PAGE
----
Emily Baer is an assistant professor of political science at the University of New Hampshire. She received her Ph.D. from the University of Minnesota. She previously served as a National Fellow at the Miller Center of Public Affairs at the University of Virginia, and an APSA Congressional Fellow with Rep. Rosa DeLauro (D-CT) where she worked as a legislative assistant on labor and regulatory issues, and equal pay and paid leave legislation. Her research examines the development and evolution of American political institutions, including Congress and political parties, as well as women and politics, from an inter-disciplinary and multi-method perspective. Her current projects address the causes and consequences of congressional reform and group organization in Congress, including recent historical and contemporary efforts by party factions (such as the liberal Democratic Study Group and the conservative Republican House Freedom Caucus) to challenge the status quo in the House of Representatives. Her research is ultimately focused on identifying specific strategies that members of Congress can adopt to reform the static legislative branch to be more representative of and responsive to the public and national policy problems.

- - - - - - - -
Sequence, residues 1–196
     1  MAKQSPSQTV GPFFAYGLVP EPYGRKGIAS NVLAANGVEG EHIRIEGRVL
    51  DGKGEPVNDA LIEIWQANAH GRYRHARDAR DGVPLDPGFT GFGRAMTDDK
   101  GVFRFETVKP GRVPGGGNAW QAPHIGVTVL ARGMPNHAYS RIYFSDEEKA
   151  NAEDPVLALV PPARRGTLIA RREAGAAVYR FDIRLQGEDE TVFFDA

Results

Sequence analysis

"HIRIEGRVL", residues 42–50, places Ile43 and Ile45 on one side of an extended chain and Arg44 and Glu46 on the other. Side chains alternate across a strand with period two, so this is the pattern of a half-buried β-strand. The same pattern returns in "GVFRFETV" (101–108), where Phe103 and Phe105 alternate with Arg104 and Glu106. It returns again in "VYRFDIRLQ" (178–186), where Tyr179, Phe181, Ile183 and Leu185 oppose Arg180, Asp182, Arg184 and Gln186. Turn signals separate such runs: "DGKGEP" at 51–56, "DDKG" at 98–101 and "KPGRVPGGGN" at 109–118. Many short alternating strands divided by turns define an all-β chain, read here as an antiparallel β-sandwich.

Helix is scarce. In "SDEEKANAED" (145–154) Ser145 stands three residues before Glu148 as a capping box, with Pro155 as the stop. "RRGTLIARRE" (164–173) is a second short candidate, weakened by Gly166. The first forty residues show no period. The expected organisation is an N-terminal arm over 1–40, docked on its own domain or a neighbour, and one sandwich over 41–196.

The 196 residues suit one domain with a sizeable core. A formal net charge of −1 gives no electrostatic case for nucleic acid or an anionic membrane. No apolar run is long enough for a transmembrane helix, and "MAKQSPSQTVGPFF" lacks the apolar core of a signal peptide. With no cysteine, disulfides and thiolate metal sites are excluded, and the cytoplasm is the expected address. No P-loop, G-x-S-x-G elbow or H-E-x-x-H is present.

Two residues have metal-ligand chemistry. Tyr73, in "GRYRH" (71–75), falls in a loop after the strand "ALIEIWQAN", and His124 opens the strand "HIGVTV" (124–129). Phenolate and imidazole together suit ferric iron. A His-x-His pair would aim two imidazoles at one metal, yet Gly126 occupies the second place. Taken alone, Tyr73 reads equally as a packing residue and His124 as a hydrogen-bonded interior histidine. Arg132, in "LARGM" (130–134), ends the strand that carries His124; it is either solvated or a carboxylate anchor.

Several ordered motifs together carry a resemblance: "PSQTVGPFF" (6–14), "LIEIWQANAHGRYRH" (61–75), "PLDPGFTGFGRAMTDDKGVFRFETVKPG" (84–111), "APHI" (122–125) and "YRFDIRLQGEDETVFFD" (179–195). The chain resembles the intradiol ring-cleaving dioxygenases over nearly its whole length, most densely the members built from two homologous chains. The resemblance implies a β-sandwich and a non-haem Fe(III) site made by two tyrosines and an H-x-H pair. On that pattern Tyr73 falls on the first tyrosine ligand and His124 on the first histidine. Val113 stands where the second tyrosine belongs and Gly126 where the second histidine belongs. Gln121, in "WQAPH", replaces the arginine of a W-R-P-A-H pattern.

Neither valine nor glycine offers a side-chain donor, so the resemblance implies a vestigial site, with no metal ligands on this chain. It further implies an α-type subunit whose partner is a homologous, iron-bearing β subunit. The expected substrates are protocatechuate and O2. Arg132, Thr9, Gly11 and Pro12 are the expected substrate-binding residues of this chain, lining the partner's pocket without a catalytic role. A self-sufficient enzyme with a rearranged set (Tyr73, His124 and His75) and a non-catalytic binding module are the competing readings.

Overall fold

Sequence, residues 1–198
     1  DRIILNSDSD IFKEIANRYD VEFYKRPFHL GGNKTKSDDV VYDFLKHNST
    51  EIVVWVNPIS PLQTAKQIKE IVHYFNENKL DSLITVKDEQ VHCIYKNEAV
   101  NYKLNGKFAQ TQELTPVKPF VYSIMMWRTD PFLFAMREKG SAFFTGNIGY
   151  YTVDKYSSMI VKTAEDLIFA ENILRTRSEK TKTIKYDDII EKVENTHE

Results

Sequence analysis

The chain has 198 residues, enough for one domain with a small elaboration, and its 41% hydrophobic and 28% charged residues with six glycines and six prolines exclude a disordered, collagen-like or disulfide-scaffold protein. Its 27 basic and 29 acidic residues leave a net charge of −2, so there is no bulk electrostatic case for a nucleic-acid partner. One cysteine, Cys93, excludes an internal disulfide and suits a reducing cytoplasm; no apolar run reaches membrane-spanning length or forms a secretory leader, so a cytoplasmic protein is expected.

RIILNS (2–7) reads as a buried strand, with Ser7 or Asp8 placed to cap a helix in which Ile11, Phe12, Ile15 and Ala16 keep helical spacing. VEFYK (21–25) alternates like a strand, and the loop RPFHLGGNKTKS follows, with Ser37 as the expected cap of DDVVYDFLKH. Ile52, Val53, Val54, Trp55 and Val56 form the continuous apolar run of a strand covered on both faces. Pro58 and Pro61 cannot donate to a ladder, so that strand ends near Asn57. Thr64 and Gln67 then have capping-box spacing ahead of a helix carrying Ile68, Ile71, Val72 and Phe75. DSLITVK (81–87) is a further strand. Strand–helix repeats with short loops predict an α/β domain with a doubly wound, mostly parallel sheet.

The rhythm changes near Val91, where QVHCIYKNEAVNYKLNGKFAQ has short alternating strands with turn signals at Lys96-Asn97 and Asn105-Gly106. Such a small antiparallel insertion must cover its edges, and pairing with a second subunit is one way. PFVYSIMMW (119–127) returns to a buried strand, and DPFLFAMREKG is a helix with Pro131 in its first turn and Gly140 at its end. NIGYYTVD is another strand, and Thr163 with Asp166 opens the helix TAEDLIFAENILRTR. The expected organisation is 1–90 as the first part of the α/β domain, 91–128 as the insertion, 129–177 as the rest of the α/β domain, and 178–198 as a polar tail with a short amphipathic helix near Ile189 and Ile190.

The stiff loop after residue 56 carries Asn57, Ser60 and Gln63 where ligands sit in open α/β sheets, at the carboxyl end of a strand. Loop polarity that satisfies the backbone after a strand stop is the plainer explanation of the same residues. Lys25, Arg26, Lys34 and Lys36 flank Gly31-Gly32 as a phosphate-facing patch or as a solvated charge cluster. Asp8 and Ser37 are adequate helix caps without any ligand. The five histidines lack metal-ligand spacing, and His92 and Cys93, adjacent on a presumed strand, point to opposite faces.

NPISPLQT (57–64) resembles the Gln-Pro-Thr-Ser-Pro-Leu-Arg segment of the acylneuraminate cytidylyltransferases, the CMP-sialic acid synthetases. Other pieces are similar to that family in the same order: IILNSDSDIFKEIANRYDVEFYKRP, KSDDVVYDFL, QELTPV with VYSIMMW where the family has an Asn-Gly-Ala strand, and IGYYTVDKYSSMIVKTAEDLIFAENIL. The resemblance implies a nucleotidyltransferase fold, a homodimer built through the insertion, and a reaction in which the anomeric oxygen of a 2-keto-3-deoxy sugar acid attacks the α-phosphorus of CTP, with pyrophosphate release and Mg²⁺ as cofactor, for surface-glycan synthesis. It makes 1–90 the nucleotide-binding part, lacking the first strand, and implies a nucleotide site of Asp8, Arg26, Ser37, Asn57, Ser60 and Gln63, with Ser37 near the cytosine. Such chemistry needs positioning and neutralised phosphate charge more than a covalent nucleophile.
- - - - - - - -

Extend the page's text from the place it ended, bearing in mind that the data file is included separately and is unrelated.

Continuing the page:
Perhaps no group better epitomizes what James Madison described as the “mischiefs of faction” in the 21st century than the House Freedom Caucus (HFC). Madison defines a faction as “a number of citizens,… Read More